On October 22, 2009, the Lieutenant Governor in Council of British Columbia referred to the British Columbia Supreme Court two questions on the subject on the constitutionality of the Criminal Code prohibition of polygamy. This action was taken pursuant to the authority granted in section 1 of the Constitutional Questions Act, RSBC 1996, c. 68. The questions presented to the Court read as follows:

  1. Is section 293 of the Criminal Code of Canada consistent with the Canadian Charter of Rights and Freedoms? If not, in what particular or particulars and to what extent?
  2. What are the necessary elements of the offence in section 293 of the Criminal Code of Canada? Without limiting this question, does section 293 require that the polygamy or conjugal union in question involved a minor, or occurred in a context of dependence, exploitation, abuse of authority, a gross imbalance of power, or undue influence?1

The Polygamy Reference was unique and remarkable for a number of reasons, including:

  1. It was the first reference of a legal question to the trial courts in a province of Canada from the executive branch of government;2
  2. It was the first time that the legal arguments of the lawyers in a trial before the British Columbia Supreme Court were broadcast live on the Internet;3
  3. It was the first time that interveners were allowed to introduce evidence and cross examine witnesses in a reference;4
  4. It was the first time that the losing side in a reference did not appeal from a trial decision.

The decision of Chief Justice Bauman is one of the longest trial judgments in the history of the British Columbia Supreme Court. However, the Chief Justice stated in his conclusion succinctly:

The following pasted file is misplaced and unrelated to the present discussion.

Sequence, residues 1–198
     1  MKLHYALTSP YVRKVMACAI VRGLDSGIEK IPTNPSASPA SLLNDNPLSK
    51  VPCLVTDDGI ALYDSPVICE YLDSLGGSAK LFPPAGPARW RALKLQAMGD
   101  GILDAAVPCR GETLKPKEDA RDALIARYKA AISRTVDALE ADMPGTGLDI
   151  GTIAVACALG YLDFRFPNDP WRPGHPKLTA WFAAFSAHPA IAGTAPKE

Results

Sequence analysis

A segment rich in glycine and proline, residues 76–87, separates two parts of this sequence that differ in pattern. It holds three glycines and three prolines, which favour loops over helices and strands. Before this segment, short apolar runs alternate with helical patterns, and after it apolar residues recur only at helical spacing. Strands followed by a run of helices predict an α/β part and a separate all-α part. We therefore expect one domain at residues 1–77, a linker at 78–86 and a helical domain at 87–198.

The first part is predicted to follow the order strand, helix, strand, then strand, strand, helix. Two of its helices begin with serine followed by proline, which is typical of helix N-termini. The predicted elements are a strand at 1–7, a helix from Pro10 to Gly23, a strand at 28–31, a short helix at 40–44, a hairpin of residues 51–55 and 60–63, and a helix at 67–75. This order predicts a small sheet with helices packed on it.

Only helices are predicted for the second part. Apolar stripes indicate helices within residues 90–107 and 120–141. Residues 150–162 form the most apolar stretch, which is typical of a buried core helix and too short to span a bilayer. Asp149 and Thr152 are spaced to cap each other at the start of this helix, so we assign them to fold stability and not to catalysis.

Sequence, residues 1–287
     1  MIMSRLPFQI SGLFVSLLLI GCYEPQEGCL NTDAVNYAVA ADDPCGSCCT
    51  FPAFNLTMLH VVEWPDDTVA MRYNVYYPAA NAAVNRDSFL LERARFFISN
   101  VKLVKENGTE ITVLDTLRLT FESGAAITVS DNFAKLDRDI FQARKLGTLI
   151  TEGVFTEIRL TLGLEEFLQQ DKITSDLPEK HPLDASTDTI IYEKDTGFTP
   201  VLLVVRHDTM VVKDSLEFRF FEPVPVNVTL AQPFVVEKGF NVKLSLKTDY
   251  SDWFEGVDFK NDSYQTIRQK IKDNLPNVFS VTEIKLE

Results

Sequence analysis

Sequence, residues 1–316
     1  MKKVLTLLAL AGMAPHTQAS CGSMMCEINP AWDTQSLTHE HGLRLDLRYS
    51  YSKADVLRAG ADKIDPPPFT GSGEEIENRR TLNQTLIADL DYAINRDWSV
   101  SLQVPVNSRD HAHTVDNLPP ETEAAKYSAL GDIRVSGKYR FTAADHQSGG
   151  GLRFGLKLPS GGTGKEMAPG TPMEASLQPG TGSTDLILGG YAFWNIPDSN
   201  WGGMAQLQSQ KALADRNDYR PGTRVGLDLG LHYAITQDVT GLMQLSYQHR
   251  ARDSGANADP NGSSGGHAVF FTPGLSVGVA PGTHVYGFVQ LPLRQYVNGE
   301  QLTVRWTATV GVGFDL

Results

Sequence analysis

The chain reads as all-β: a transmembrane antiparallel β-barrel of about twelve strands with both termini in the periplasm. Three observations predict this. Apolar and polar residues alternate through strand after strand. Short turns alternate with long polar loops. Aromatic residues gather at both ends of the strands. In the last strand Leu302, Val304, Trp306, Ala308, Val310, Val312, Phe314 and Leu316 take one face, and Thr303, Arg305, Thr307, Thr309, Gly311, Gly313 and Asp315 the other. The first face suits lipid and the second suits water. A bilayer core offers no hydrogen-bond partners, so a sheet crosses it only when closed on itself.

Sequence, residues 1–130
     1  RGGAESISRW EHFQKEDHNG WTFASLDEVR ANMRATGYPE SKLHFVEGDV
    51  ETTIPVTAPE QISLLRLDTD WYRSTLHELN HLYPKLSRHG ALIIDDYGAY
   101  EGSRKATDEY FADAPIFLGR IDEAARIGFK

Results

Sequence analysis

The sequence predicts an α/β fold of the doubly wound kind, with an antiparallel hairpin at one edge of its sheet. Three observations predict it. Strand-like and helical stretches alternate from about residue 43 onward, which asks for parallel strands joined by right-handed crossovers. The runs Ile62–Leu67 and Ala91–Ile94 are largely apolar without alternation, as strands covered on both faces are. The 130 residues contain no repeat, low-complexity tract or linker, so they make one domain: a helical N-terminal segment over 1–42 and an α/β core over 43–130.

“There is no such thing as good polygamy.”

Chief Justice Bauman expressed this opinion at paragraph 1343 of his 335 page decision.

The trial itself lasted from November of 2010 through April of 2011.5 Over 90 expert witnesses and non-expert witnesses provided viva voce and affidavit evidence for the court.6

Notwithstanding the participation of a number of interveners arguing on either side of the Reference questions, the Government of British Columbia followed the practice in Canada and funded an Amicus Curiae to challenge the constitutionality of the Criminal Code. However, the Government took a hard line and opposed any funding for volunteer interveners in the case, no matter how close their interests were tied to the Reference.7

The decision to refer the issue to the trial level rather than the British Columbia Court of Appeal has not been explained by the Attorney General, however it appears to be based upon two factors:

  1. First, the decision of one of the previous prosecutors to refuse to lay polygamy charges was based upon the view that the law was unconstitutional and this view would not be contradicted without a full review of the relevant facts and law;8
  2. Second, a full review necessarily focuses almost entirely upon Charter section one evidence and this requires the kind of expert and victim testimony best considered and addressed by a trial judge.9